“Contrary to what right-wing media critics say, the agenda of CNN and its fellow mainstream outlets is not liberal or conservative, but staunchly centrist,” writes FAIR. “The perspectives they value most are those of the bipartisan establishment middle, the same views that make up the mainstream corporate consensus that media publishers and executives are themselves a part of.”
MSNBC is accused of having a liberal bias, but Rendall says it’s more accurate to say the network has a Democratic party bias. “In its prime time offerings, they have people who are somewhat liberal, though it’s still more accurate to say they are aligned with the Democratic party as they’re not leading anti-war marches …They’re very pro-Obama and don’t criticize his decisions.”
And FOX. Though it touts itself as “Fair and Balanced” and the only unbiased news network, FOX produces a plethora of GOP-friendly news. As FAIR found, it doesn’t seem to be a coincidence that FOX has an “abundance of conservatives and Republicans” working for them.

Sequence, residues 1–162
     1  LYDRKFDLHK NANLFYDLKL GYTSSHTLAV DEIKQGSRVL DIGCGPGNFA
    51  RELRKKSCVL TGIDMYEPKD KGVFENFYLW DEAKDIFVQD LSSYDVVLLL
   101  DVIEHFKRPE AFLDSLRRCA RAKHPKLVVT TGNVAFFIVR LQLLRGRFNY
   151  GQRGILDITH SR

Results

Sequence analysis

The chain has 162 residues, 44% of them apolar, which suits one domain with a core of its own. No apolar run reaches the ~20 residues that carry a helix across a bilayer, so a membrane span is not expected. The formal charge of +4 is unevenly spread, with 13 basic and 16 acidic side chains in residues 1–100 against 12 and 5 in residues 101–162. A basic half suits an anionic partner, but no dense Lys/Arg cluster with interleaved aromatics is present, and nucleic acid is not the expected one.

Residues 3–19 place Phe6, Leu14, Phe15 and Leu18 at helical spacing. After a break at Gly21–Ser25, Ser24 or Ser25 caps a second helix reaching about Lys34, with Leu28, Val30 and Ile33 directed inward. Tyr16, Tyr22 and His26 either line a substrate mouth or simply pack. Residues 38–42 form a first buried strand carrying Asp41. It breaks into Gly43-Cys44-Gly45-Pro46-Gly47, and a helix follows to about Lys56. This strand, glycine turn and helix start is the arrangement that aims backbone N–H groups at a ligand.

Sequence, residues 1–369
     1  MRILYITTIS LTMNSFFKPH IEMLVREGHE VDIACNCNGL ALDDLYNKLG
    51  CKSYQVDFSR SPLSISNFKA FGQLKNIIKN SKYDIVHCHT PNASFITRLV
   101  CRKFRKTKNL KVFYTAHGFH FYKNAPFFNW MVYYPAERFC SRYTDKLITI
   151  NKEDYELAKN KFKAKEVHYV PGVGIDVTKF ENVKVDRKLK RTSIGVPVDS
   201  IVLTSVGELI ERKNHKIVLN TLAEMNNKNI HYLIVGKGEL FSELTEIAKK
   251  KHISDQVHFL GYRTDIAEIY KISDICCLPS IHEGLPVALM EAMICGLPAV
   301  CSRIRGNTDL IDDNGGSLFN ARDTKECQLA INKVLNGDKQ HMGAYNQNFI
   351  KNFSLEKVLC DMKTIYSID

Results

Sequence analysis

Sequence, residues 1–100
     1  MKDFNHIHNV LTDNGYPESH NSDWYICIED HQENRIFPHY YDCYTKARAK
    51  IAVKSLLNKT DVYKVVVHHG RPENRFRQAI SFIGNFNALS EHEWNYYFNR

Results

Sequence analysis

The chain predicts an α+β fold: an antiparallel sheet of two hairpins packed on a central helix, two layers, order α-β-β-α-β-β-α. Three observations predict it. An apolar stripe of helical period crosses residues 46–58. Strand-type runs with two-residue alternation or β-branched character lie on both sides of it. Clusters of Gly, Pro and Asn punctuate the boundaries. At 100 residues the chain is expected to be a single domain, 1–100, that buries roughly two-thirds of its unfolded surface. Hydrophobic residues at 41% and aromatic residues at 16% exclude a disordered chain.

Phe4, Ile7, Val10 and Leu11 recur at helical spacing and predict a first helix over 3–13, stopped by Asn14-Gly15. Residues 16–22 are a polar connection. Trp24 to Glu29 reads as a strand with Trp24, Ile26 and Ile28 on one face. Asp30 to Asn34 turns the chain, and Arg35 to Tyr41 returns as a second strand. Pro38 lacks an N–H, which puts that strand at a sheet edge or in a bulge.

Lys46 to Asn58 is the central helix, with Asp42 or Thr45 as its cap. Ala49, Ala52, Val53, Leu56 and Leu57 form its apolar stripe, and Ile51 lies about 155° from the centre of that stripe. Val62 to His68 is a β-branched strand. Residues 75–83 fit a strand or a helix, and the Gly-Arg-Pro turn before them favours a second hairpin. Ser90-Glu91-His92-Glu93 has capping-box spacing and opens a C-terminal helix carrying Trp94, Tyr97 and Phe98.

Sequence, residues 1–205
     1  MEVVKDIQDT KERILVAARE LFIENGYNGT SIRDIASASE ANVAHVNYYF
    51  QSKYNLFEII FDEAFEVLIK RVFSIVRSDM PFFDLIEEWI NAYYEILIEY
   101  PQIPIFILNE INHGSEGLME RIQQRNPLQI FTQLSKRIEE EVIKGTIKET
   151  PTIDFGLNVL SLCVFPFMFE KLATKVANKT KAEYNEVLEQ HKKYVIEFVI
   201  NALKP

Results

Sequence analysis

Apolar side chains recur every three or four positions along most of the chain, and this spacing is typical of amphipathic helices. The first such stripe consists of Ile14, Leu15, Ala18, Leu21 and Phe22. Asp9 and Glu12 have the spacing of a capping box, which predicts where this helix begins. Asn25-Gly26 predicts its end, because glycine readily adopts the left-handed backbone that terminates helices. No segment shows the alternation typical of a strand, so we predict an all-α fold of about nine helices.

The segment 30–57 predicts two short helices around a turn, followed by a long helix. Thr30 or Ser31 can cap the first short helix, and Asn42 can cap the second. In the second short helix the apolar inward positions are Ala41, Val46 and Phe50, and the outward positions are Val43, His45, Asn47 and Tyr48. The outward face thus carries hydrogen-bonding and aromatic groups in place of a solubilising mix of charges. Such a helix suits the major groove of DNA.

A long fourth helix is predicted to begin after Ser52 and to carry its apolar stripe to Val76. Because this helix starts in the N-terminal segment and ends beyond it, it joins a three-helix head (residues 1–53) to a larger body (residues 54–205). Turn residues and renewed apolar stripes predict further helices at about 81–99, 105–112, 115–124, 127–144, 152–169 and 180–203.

It’s not that these networks have a bias that is of concern to groups like FAIR — in fact the group points out that the U.S. media is “unusual, perhaps even unique,” in that our idea of journalism is so heavily tied to the idea of “objective” news. “In Great Britain, papers like the conservative Times of London and the left-leaning Guardian deliver consistently excellent coverage while making no secret of their respective points of view.”
The strongest bias of all: corporate
If our media is biased in favor of either the right or the left, Rendall says it’s not the left, but a corporate bias, with a subordinate conservative or Republican bias.
The issue those like Rendall have with this corporate-centric viewpoint is that by catering to corporate cultures, the media neglects issues of importance to and perspectives from the homeless, and poor and working class Americans, among others.